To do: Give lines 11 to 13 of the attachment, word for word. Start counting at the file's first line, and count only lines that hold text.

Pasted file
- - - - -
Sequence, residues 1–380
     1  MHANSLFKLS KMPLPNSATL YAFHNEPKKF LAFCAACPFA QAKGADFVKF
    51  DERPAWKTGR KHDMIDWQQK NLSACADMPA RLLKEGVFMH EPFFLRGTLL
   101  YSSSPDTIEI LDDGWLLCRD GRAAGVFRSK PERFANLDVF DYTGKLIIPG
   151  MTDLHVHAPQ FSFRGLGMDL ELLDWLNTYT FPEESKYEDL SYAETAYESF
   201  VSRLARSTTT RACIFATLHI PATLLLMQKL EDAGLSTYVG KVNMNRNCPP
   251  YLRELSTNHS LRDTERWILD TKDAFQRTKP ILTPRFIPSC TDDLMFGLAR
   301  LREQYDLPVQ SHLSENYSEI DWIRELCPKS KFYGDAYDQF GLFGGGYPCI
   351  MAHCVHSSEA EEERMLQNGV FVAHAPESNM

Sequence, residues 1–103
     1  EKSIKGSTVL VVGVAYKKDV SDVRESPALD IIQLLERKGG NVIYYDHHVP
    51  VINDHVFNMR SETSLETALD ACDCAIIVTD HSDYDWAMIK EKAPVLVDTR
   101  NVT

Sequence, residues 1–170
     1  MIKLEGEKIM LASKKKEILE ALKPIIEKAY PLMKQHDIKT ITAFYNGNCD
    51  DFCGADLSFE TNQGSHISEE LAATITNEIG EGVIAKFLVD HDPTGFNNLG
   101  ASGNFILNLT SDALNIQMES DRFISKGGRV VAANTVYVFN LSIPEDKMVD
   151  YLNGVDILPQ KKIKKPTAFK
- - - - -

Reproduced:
     1  EKSIKGSTVL VVGVAYKKDV SDVRESPALD IIQLLERKGG NVIYYDHHVP
    51  VINDHVFNMR SETSLETALD ACDCAIIVTD HSDYDWAMIK EKAPVLVDTR
   101  NVT